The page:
John Anthony Ficarra Jr.  was a former Franklin Square resident.

John Anthony Ficarra Jr.  was a former Franklin Square resident. Credit: Kim Bauer

John Anthony Ficarra Jr., a former Franklin Square resident who once owned a Manhattan printing company, was known for his keen sense of humor.

The New York City native and former U.S. Army reservist  — who relocated to Marco Island, Florida, more than two decades ago — died May 7 after contracting the coronavirus, his family said. He was 77.

Ficarra went into a Florida nursing home last fall while suffering from terminal liver disease before dying in a Naples hospital of underlying medical problems and COVID-19, said his eldest daughter, Franklin Square resident Lisa Hill.

Despite moving away a long time ago, the father of two and grandfather of four stayed close to his family on Long Island and “made us the center of his life,” said Hill, 54.

Ficarra grew up in Ozone Park and joined the Army reserves after high school before later working for Citibank, getting vocational training in visual arts and launching his own printing company, said his only sibling, Kathy Donovan, 73, of St. James.

In 1965, Ficarra married his first wife, Rosalie LoCasio, before the couple moved from Queens to Franklin Square while their two daughters were young, according to family.

Ficarra’s business, known as JAF Creative Marketing Services, was on Varick Street in Manhattan, Hill said.

Tragedy touched Ficarra’s life when Rosalie suffered a brain aneurysm in her early 40s and then was ill for several years until she died in 1994, his family said. That same year, Hill’s infant daughter, Erin, also died.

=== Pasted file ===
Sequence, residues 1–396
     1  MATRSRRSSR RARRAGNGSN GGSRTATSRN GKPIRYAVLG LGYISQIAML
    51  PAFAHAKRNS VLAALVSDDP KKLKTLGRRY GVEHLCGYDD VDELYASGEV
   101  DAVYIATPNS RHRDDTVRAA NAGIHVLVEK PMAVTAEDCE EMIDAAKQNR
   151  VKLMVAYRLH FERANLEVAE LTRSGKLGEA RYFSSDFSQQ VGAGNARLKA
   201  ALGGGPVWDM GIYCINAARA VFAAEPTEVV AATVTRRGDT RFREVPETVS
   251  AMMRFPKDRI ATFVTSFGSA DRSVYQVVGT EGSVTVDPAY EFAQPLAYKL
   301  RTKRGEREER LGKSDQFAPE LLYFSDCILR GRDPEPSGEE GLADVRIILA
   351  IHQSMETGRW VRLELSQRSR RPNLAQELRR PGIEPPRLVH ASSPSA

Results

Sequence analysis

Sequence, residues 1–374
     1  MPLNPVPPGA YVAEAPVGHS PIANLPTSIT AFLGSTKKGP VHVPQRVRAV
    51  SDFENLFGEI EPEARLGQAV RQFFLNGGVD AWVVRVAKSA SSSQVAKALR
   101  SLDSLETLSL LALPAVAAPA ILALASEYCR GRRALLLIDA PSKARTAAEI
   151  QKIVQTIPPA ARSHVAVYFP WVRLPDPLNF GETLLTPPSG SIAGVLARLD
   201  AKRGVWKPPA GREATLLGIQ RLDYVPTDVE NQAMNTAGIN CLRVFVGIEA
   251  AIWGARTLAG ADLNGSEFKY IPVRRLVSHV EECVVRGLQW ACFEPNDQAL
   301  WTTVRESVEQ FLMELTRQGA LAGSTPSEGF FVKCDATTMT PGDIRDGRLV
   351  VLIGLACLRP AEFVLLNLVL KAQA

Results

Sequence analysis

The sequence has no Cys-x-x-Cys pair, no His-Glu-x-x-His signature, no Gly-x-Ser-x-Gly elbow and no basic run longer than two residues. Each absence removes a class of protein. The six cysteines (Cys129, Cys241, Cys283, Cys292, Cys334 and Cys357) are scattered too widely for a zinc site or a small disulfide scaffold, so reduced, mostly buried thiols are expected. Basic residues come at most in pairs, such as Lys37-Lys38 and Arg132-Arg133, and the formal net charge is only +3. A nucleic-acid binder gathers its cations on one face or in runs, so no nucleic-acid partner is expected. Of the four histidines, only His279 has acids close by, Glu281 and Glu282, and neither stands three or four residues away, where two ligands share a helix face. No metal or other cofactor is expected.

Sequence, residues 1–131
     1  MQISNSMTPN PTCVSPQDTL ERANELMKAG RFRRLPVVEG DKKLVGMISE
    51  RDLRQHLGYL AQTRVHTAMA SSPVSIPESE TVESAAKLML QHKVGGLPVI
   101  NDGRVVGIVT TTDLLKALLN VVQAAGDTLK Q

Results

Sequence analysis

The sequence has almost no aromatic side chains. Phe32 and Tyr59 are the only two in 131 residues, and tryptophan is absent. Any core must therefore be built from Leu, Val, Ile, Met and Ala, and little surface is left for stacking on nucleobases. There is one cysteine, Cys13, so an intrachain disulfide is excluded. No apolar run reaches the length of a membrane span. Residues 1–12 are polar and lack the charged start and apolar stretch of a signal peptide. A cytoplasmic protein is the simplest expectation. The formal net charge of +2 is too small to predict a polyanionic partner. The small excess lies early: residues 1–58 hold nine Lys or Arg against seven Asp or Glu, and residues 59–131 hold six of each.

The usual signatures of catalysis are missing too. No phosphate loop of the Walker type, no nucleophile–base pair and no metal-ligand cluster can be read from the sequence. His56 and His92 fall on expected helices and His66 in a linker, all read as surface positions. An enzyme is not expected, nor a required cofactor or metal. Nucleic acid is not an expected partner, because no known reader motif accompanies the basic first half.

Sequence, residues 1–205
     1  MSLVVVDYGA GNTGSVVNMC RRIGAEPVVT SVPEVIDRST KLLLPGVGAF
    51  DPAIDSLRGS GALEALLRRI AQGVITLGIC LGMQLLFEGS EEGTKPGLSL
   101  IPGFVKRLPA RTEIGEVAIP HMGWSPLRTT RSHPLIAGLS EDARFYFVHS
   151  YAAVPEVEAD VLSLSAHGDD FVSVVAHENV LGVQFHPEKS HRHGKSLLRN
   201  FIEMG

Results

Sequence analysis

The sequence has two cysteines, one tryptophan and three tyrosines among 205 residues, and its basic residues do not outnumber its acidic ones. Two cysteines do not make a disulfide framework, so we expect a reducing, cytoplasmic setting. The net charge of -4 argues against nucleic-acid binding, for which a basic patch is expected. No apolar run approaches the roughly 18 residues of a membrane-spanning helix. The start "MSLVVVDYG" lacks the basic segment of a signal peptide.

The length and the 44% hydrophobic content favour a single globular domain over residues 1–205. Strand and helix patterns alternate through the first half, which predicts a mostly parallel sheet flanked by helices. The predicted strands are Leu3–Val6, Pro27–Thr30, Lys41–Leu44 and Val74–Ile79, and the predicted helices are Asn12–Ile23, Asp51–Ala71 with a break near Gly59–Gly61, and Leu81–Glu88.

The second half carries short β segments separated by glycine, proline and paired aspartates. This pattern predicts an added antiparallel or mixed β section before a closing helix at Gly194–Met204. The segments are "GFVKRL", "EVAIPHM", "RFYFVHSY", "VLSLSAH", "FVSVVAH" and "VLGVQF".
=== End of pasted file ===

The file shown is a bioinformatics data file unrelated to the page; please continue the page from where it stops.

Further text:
Ficarra soon moved to Florida and transitioned to working as a consultant.

“He loved being down there,” Hill said of her father’s relocation. “He needed to get away and start a new life.”

In Florida, Ficarra married his second wife, Greta Markowski, an optician he had met in New York who opened an optical boutique on Marco Island.

But Ficarra’s health declined after Greta died last year following a battle with cancer, his family said.

Ficarra’s youngest daughter, Kim Bauer, 48, of Massapequa, remembered her father as a funny, generous and talkative man who was always surprising her and her sister by bringing them little gifts, like bags of candy, when they were children.

Late in Ficarra’s life, his daughters returned that favor by sending him care packages at the nursing home that included cotton candy and potato chips — some of his favorite junk food.

The family said it is planning a memorial service for Ficarra in the future.

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